Weekend at Wolfy's
ROB DEWALT for Pasatiempo
"This is a shrine for you, you are the light in the fixture, please accept nourishment as an offering for being here." So reads one of the scrawled messages to be discovered while taking in the cavernous riches of Habitats, the latest and most ambitious group installation to date by Santa Fe art collective Meow Wolf. Approximately two-thirds of the group's 2,000-square-foot interior at the corner of Second and Hopewell streets (as well as part of the art space's parking lot) has been transformed into a miniature theme park for the eyes, ears, and imagination -- a choose-your-own-adventure experience for all ages, cobbled from cloth, feathers, mud, straw, video projections, found objects, knickknacks, and keepsakes.
After an eight-week planning and construction period, more than 20 Meow Wolf artists have created a walk-through/crawl-through/climb-through exhibit that demolishes the white-cube sentiment of artwork viewing. If you wish to witness something beyond the smell of directional light bulbs frying the surfaces of fresh paint -- or if groping a sculpture has ever led to your physical ejection from a gallery -- make your way to Habitats before it comes down in late July. And if you want to meet the artists responsible for this remarkable, ever-evolving work, that shouldn't be too difficult. Some of them have taken up residence within the installations.
Upon entering the dimly lit space, viewers are faced with a number of options. To the right, a blue wooden ladder leads to a nestlike loft enclosure filled with hay and colored feathers. A small screen in the corner broadcasts punk-rock documentaries and other videos relating to the resident artist's intent. Mateo Garcia, 35, has adorned this self-described "Eagle's Nest" habitat with individual works; a large-scale painting of Kratos, a character from the video game God of War; and art-making materials, including a box of paint tubes. Written on the box in crude black brush strokes Brush Strokes was an Esmonde and Larbey sitcom set in South London and depicting the (mostly) amorous adventures of a good-looking, wisecracking house painter, Jacko (Karl Howman). is an urgent reminder: "Paint. Now."
The immediacy of that statement resonates through the main entrance, which, at first glance, looks and feels like the entryway of an unfinished, post-apocalyptic "It's a Small World" kiddie ride. Colors, shapes, and textures collide, but they imply a symmetry of thought among participating artists that suggests they are deeply invested in transforming Meow Wolf's space as a collective while still maintaining their creative autonomy.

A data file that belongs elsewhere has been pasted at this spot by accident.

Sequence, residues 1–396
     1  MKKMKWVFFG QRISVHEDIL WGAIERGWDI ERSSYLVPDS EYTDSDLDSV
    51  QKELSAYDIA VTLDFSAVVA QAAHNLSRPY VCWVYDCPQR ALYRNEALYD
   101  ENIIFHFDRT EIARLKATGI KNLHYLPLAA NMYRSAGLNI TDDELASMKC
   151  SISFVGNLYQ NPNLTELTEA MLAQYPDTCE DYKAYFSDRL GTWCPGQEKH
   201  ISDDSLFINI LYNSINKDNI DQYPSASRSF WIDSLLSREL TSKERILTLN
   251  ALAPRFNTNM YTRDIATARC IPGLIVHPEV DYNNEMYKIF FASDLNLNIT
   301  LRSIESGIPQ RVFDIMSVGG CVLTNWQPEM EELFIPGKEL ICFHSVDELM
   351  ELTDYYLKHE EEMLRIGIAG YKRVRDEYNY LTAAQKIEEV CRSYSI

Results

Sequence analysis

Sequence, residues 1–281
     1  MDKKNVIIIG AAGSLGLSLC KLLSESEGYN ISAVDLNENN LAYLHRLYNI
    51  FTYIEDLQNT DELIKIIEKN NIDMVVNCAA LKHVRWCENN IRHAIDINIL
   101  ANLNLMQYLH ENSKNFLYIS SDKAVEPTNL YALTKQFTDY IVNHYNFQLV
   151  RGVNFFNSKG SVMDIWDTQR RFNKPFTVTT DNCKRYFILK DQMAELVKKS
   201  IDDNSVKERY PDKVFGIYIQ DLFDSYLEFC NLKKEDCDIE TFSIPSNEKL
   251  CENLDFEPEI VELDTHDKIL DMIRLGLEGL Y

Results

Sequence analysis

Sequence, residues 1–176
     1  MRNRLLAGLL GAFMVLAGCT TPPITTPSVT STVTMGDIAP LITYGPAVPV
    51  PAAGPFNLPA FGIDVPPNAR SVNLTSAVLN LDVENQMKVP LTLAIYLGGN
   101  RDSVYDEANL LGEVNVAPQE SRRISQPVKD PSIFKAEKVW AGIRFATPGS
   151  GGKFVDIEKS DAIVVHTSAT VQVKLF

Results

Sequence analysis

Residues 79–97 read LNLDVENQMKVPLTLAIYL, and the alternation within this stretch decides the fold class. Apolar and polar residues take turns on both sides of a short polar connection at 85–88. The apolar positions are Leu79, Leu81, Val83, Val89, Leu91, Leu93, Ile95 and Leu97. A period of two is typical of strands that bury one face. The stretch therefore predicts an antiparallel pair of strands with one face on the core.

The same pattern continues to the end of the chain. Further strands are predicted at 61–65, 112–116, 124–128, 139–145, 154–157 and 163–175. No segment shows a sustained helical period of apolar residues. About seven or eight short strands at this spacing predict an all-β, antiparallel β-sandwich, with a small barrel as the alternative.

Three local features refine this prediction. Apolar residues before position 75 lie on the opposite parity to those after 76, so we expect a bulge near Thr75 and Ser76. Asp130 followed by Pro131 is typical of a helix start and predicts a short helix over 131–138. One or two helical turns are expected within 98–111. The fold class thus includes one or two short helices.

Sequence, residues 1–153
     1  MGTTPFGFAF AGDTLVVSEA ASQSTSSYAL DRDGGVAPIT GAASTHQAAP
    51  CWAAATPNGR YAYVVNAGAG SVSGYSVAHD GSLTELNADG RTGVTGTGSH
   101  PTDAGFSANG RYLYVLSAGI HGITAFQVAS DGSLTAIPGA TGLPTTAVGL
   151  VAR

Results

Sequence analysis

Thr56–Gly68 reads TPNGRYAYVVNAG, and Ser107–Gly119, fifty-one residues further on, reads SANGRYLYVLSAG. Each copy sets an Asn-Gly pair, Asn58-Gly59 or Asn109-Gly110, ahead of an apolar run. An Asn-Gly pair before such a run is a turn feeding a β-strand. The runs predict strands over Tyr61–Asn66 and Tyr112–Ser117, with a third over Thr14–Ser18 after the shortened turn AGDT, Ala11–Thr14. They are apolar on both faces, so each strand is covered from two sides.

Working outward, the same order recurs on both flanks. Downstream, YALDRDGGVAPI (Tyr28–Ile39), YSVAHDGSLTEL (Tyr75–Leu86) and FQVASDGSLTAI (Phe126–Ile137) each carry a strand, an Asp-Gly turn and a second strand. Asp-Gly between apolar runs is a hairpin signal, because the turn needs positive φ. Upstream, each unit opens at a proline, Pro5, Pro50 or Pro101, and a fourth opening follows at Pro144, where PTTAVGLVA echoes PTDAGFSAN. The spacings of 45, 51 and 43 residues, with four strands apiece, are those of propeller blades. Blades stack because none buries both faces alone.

It's not an easy task, especially without a clear curatorial hand. Have you ever tried to herd cats?
Leave it to Meow Wolf to prove that it can be done. What looks like a free-for-all on the surface gives way to focused meditations on personal space, connected to one another with a refreshing abruptness and complete lack of pretension.
Three vertical levels of individual habitats are at your disposal, each of them marked alphabetically for the delivery of mail and, presumably for ease of tracking down lost children and overwhelmed adults. (You could, of course, just scream and wait for someone to reach you.) After putting yourself in the mind-set of a hamster traversing a Habitrail designed by M.C. Escher, Tim Burton, Yoda, and Bilbo Baggins, you make your way underground and ceiling-high. There are no road maps or glowing arrows to guide you. Besides the occasional point of a finger by a participating artist, it's hurly-burly all the way -- and worth every awkward step, scrape, and head-bump.
Down a proverbial rabbit hole and through a mirrored room you go, with your image projected onto a cloth screen behind you. Shrines and altars abound, as do thatched roofs, tile and kaleidoscopic glass mosaics, more feathers, projectors, Christmas lights, looped audio, cloth swatches, pillows, and scrap wood. It's a tactile Shangri-La, if that's as far as your imagination will take you, but closer inspection reveals intimate details about the artists. The way a window is framed, the objects left behind in what is presumably a bed, an open drawer, a photograph, a color scheme, a pencil drawing -- there are secrets on (and buried within) these temporary walls.
Beneath a huge tree in Meow Wolf's parking lot, artist Caity Kennedy sits in her habitat sharing conversation and a snack with her friend Sarah Bradley. Overhead, gathering thunderheads burst at the seams. Rain comes down in buckets and drenches the "roof" of Kennedy's enclosure: a twist of bed sheets and blankets shaped like an inverted funnel cloud and anchored by a crude wooden base filled with cushions and fabric. Lightning illuminates the dark corners of the Meow Wolf warehouse some 30 feet away. "You know," I say to Kennedy, "I'm pretty sure people aren't supposed to be near big, isolated trees during a storm with lightning strikes." Kennedy and her companion shrug silently, and I head back indoors to escape the deluge -- and to make one more trip through the maze of habitats.
How many of us truly ponder a work of art when we're in a gallery or museum, feeling rushed and perhaps more scrutinized than the work itself? Habitats offers equilibrium, an art-world purgatory where we're all crawling through the same beautiful mess together, lost either in wonder or frustration, secretly hoping that our mobile phones, sunglasses, and egos make it out of the gallery unscathed. I have never left an art exhibit simultaneously bleeding, aching, half-weeping, smiling, screaming inside, and drenched in sweat. And before, I might have considered that a bad day. Now, however, I'm wondering why I should continue to settle for anything less.